- Caroline Parr
The American Library Association announced its prestigious children's book awards yesterday, including the Caldecott Medal for most distinguished picture book and the Newbery Medal for most distinguished contribution to American children's literature.
This morning's column takes a look at a few of the best books of the year that did not win either prize - not because they're not worthy, but because, being British, they're not eligible.
Hilary McKay's acclaimed series about the eccentric Casson family comes to a perfect end with "Forever Rose." Eleven-year-old Rose is used to the friendly chaos of her household. As the book opens, her artist mother is ensconced in her painting shed with a bad case of bronchitis; her artist father, living in London with his girlfriend, comes home to help despite his exasperation with the way the household is run; her older sister Caddie, who ran away from her own wedding, calls Rose frequently but refuses to say where she is; and her brother Indigo's friend David, displaced from his mother's house, has set up his drum set in the living room and bunks in the attic. Readers of the previous four books will be delighted with the way McKay ties up all the loose ends in surprising but satisfying ways.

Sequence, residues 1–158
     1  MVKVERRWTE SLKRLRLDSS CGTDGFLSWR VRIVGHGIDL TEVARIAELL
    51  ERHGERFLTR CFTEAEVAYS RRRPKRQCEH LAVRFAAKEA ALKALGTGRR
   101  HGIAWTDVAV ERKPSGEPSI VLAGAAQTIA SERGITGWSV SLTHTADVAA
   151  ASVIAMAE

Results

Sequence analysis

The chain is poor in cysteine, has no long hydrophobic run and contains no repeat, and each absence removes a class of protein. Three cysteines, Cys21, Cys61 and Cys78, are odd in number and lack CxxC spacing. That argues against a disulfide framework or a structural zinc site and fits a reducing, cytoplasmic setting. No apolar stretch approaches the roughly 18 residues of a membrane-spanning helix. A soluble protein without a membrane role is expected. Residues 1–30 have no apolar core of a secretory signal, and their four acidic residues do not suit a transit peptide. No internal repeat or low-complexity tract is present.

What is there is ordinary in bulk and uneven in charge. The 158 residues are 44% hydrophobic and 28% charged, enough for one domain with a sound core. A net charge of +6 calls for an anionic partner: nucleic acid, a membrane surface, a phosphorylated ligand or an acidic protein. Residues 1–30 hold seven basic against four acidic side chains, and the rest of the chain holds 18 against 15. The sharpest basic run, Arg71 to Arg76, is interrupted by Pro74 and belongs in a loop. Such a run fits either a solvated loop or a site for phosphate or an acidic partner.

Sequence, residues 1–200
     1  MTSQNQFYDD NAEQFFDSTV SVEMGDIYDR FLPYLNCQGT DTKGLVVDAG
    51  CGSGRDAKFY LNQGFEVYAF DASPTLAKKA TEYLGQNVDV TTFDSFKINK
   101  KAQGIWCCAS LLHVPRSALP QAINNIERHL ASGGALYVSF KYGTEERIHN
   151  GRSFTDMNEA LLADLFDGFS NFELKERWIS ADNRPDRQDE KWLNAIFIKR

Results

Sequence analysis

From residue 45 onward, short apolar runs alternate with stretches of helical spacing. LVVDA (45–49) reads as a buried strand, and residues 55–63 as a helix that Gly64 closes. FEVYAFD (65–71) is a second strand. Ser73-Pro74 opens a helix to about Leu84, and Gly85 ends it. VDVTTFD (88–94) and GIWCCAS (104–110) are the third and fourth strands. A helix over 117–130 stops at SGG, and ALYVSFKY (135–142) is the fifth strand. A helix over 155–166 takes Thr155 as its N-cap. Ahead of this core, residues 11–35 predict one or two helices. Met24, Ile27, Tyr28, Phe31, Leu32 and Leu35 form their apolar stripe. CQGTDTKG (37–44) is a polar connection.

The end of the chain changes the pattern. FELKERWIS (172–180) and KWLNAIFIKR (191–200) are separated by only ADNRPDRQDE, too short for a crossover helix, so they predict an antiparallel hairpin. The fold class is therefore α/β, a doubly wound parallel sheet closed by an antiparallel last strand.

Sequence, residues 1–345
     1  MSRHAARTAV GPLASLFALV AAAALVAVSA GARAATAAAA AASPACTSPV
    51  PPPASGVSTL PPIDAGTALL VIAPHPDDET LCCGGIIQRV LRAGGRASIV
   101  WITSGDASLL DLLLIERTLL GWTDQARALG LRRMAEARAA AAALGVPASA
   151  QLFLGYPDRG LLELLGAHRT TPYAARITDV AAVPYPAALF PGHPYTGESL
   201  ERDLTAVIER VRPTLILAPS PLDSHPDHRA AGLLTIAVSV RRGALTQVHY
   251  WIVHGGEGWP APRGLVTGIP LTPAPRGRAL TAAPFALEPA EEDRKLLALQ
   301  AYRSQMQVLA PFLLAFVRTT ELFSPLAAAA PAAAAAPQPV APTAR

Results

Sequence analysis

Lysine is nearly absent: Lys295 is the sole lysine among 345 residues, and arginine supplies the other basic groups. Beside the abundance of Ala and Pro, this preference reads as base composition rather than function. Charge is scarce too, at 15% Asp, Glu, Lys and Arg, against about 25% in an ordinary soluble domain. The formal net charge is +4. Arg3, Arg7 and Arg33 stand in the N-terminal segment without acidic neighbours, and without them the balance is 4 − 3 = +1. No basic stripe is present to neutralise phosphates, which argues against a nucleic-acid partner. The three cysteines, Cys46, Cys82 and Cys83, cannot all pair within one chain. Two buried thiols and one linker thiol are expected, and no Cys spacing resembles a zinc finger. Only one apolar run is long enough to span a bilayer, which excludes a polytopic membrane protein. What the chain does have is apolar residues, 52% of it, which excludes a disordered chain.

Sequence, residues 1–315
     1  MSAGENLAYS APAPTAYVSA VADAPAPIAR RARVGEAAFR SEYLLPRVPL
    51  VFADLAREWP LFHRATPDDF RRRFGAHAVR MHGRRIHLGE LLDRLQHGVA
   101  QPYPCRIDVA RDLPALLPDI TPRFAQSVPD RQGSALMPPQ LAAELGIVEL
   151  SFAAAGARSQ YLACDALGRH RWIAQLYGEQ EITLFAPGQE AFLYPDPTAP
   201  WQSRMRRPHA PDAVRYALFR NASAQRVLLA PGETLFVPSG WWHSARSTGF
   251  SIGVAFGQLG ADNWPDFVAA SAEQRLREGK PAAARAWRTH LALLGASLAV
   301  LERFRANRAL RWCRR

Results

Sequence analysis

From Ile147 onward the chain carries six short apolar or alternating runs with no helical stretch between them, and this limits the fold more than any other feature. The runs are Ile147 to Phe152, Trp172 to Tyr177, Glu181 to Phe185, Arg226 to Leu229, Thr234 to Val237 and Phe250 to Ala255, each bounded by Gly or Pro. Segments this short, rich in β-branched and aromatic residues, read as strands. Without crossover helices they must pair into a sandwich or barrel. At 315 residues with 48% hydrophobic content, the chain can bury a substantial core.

Terry Pratchett tackles big issues in a book that manages to be entertaining while offering middle school readers lots to think about. "Nation" begins when a tsunami wipes out all the inhabitants of a small island in a place very like the South Pacific. The only survivor is Mau, who is paddling back from his initiation trip, expecting to find his family and friends welcoming him home. Instead he finds destruction, dead bodies, and a British sailing ship crash-landed in the trees. Daphne, the only survivor on the ship, steps onto the sand, armed with a rusty revolver, and the story begins.
In an action-packed tale, Pratchett touches on the meaning of religion and science, empire and colonialism, death, leadership, politics and royalty. It's a thumping good read that is sure to find a wide audience among fans of alternative history, fantasy, and adventure stories.
So many fantasies are being published these days that it's refreshing to find one with a new twist. Frances Hardinge's "Well Witched" begins when Ryan, Josh and Chelle steal coins from a village wishing well only to find that they are now in debt to the well witch. She demands that they carry out the wishes made by other well visitors and gives them creepy new powers - disrupting electrical currents, growing extra eyes, and voicing the thoughts of bystanders. At first, their powers help them in their task, but soon they grow frightening.
The menacing, mournful well witch is a masterful creation. Share this with fantasy readers twelve and up who like a dark side to their reading.
Allan Ahlberg's "The Pencil" is reminiscent of Crocket Johnson's classic "Harold and the Purple Crayon," but it takes the premise to a new level. "Once there was a pencil, a lonely little pencil, and nothing else...Then one day that little pencil...began to draw." When the animals and people it draws start to misbehave, the pencil draws an eraser, but what will happen when the eraser comes after the pencil? Bruce Ingman's scribbly pencil drawings strike just the right note for this quirky tale about creativity.
First published in the 1-27-09 Free Lance-Star newspaper.